Have you found it hard to read with a pandemic grabbing your attention at all times? I have. But in Elena Ferrante’s Incidental Inventions I have found a wonderful solution. Firstly, this is a beautiful book as an object. From the silky cover to the high quality paper pages and the gorgeous illustrations by Andrea Ucini, this is a book that appeals to the senses of touch and sight, as well as the mind. So every time you pick it up to read it gives you pleasure. Ferrante is the author of the Neapolitan Quartet with the first two books, My Brilliant Friend and The Story of a New Name, adapted for a HBO series.
Incidental Inventions is the collection of 52 weekly entries for a column Ferrante wrote for The Guardian. Each is only two pages long which makes it ideal for when you are in an attention deficit moment of time. Dipping into these columns is a delight. Ferrante writes with such candour that we get to know more about her, this sometimes illusive Italian writer who does not like public speaking or face-to-face interviews. And yes, she writes a column about that too. I am totally rethinking my use of exclamation marks after reading of her view that the words create their own exclamation point so why do we need the extra emphasis. See what I did there – totally resisted putting an exclamation mark at the end of that sentence.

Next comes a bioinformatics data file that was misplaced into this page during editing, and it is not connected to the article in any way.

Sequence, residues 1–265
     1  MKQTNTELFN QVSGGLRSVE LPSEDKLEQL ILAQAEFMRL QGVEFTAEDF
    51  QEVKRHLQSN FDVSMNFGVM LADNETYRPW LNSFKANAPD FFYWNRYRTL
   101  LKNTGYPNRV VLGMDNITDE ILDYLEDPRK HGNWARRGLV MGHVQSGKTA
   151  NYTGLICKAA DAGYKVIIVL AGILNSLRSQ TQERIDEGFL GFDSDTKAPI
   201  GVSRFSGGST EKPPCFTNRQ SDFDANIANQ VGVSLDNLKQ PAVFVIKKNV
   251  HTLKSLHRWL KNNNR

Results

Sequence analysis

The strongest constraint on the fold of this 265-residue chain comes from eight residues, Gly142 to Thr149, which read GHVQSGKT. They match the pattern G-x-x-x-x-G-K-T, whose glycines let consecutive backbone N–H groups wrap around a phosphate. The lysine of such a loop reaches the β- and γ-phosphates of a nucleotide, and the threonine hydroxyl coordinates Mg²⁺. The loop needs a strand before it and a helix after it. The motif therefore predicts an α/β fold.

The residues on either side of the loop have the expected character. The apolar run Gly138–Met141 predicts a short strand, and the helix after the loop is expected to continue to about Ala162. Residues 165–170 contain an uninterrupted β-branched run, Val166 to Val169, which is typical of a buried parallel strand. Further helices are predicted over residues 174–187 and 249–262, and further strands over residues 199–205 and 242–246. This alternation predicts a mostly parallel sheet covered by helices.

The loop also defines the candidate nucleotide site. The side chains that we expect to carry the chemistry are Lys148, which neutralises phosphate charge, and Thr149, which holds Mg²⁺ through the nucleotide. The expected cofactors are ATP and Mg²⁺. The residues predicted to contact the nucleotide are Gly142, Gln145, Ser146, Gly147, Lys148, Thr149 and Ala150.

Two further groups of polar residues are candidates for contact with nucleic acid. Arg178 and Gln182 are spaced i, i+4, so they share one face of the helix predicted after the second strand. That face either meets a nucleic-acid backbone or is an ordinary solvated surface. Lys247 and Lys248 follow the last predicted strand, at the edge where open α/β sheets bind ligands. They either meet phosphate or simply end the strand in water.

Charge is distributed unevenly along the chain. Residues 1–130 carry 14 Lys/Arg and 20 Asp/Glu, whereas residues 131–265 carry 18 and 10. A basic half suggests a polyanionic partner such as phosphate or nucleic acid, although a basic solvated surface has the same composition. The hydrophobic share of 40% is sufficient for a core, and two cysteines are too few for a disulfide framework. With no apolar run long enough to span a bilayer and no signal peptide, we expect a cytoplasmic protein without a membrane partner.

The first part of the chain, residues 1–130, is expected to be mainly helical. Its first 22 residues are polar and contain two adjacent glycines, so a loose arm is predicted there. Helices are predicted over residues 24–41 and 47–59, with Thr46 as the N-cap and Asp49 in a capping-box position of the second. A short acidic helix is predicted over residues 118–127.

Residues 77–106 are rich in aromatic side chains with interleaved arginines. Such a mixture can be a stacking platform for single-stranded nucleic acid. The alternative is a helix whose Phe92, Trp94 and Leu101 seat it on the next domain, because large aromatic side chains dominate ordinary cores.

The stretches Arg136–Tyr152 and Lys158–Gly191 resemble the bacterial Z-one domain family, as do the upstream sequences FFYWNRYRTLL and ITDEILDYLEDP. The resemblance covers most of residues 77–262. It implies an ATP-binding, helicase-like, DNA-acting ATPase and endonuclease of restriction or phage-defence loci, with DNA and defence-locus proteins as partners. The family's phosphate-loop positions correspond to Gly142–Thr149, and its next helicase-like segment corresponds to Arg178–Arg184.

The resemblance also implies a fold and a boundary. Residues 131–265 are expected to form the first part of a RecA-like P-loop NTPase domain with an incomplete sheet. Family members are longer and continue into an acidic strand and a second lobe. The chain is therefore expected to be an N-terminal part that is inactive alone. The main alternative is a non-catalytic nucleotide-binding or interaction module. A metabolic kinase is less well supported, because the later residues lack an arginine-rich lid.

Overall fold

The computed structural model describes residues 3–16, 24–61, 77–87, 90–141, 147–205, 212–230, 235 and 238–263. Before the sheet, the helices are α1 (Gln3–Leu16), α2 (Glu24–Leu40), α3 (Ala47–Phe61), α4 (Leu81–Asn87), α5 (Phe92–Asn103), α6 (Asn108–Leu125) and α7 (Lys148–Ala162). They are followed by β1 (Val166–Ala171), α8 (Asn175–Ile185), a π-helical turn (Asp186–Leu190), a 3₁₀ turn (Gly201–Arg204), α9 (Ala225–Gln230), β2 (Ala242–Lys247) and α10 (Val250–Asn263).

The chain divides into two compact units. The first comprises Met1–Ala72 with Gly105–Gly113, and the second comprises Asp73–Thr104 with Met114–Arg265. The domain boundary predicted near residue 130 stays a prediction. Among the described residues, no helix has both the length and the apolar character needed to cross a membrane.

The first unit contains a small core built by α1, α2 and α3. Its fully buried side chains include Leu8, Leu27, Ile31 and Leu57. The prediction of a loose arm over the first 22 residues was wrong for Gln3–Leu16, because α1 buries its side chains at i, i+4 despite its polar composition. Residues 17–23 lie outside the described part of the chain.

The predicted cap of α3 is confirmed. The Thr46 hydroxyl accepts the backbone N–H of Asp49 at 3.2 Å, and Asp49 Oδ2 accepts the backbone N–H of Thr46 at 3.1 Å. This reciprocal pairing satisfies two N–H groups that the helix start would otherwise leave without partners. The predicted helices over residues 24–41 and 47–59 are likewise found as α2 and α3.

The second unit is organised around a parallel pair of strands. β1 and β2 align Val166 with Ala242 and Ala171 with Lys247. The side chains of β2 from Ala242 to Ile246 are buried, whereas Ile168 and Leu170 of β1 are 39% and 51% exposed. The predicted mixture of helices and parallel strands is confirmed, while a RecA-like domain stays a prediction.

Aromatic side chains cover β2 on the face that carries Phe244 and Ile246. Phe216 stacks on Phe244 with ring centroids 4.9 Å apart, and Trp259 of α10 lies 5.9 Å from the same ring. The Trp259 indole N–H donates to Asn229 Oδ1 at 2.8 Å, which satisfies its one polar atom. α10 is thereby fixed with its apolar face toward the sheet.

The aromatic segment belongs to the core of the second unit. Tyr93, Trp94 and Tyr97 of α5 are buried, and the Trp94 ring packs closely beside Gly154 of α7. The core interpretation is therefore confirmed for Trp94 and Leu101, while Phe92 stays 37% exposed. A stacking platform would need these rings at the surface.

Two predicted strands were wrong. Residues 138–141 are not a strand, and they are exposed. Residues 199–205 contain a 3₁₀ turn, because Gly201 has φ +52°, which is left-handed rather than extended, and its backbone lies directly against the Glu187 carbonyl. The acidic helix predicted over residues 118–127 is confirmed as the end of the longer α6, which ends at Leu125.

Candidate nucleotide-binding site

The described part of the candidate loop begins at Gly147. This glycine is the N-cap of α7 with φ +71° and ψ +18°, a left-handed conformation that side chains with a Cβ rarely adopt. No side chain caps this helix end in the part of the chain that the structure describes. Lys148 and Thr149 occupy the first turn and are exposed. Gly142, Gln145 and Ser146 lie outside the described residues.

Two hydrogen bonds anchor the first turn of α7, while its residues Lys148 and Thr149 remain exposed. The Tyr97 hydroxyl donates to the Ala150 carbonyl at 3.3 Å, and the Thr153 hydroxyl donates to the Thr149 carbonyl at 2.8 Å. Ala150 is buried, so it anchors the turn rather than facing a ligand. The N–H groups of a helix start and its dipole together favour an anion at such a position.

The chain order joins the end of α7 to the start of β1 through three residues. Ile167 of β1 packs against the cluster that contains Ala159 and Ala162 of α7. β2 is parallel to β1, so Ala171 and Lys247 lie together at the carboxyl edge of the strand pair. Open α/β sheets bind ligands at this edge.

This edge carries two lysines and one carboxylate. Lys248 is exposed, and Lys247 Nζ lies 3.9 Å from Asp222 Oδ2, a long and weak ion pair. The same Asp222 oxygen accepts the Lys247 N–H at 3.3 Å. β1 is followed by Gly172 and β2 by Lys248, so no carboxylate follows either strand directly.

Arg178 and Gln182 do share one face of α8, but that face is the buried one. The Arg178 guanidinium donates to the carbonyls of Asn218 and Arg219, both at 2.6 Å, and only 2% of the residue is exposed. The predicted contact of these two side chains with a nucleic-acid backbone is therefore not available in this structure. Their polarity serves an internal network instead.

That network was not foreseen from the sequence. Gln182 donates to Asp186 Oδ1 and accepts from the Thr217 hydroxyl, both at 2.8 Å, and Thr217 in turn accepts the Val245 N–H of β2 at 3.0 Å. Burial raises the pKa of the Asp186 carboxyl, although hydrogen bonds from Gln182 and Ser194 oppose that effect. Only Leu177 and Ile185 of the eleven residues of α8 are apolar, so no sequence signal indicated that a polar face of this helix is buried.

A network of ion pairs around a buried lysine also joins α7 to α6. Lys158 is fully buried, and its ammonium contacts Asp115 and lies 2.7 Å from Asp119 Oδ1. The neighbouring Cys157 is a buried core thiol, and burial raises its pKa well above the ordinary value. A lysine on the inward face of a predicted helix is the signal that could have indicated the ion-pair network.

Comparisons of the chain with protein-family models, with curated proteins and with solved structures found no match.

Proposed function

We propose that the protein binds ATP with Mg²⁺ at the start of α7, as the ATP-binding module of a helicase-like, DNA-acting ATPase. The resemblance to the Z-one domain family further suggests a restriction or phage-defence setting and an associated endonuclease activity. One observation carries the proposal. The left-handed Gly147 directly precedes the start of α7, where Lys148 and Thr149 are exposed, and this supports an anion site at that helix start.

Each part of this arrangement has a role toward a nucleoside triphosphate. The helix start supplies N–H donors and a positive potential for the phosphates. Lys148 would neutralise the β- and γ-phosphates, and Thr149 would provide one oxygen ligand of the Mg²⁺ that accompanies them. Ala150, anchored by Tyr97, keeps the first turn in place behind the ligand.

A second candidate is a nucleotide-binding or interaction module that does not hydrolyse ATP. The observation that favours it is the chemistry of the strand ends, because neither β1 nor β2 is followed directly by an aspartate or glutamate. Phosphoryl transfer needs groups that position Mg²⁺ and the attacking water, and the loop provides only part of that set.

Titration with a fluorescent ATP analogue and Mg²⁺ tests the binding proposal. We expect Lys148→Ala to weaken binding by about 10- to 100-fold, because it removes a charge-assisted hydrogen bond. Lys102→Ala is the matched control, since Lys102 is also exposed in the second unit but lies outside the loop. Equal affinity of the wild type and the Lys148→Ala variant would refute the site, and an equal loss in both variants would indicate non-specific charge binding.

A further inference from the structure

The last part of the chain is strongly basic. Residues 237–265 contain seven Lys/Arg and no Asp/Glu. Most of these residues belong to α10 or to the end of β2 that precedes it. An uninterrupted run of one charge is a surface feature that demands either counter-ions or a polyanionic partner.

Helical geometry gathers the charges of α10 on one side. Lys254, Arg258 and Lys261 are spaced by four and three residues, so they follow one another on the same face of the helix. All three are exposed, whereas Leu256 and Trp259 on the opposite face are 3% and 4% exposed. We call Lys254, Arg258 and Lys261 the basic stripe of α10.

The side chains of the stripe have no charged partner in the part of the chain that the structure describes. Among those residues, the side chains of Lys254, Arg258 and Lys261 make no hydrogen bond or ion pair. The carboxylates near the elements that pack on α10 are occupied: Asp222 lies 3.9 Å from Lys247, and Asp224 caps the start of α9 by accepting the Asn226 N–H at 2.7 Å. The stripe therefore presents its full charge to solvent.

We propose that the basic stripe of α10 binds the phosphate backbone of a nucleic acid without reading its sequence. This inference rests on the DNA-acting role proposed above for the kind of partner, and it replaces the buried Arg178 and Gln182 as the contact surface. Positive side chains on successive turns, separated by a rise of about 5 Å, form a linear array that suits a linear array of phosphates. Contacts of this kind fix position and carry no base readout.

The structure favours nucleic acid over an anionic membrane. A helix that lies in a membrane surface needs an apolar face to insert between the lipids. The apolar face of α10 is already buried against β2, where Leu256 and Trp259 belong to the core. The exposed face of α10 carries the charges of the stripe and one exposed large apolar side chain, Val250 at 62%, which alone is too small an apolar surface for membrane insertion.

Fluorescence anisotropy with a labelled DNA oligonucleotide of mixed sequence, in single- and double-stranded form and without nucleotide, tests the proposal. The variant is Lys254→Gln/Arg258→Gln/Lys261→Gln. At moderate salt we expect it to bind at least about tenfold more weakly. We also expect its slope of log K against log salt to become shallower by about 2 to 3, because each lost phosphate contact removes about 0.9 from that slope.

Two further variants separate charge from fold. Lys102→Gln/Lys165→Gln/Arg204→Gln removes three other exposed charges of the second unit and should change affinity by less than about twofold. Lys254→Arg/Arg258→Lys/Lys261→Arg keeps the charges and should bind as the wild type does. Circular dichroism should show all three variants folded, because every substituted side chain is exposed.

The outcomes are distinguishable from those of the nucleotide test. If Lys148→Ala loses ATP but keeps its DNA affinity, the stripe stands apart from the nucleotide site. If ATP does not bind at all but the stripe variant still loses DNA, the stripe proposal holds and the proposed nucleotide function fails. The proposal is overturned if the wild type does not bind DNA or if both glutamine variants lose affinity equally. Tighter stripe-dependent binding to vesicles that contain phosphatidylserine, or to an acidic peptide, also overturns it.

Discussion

‘How much exclaiming the phony innovators of political communication engage in, the blowhards of power, young and old who tweet nonstop every day’
So I will be resisting phony exclaiming from now on.
Ferrante writes about Italian politics, history, philosophy, the art of writing, loneliness and marriage, and we, as readers, go with her where she takes us. Each piece is beautifully written, sometimes unsettling in its honesty and challenged me to think about our times, our relationships, and for me, the way and the what that I read. Each entry has something that fascinates, resonates or reveals and that is why, as a collection, this book of weekly columns is a delight. Ferrante does explore in her novels the concept of success and failure, through a lens of inequality – how some are excluded from success, not because of their ability, but because of where they were born or the family they were born into, and her column on Winners and Losers reveals her views so clearly and concisely.
Ferrante does only write in Italian, so the translation is important and Ann Goldstein has done this beautifully as the writing is as compelling in English as I am sure it is in the Italian. This is a book that you will re-read, that will have passages that will stay with you and will delight. And when you come to the last column The Last Time you will feel like you are saying goodbye to a new friend. Totally recommend that you get your hands on this book and dive right in.
Jane Cowell, CEO Yarra Plenty Regional Library